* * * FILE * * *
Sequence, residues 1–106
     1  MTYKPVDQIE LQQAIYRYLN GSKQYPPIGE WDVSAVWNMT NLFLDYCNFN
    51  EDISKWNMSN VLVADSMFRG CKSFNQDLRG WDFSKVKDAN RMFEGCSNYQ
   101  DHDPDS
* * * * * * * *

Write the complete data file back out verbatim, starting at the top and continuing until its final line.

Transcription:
Sequence, residues 1–106
     1  MTYKPVDQIE LQQAIYRYLN GSKQYPPIGE WDVSAVWNMT NLFLDYCNFN
    51  EDISKWNMSN VLVADSMFRG CKSFNQDLRG WDFSKVKDAN RMFEGCSNYQ
   101  DHDPDS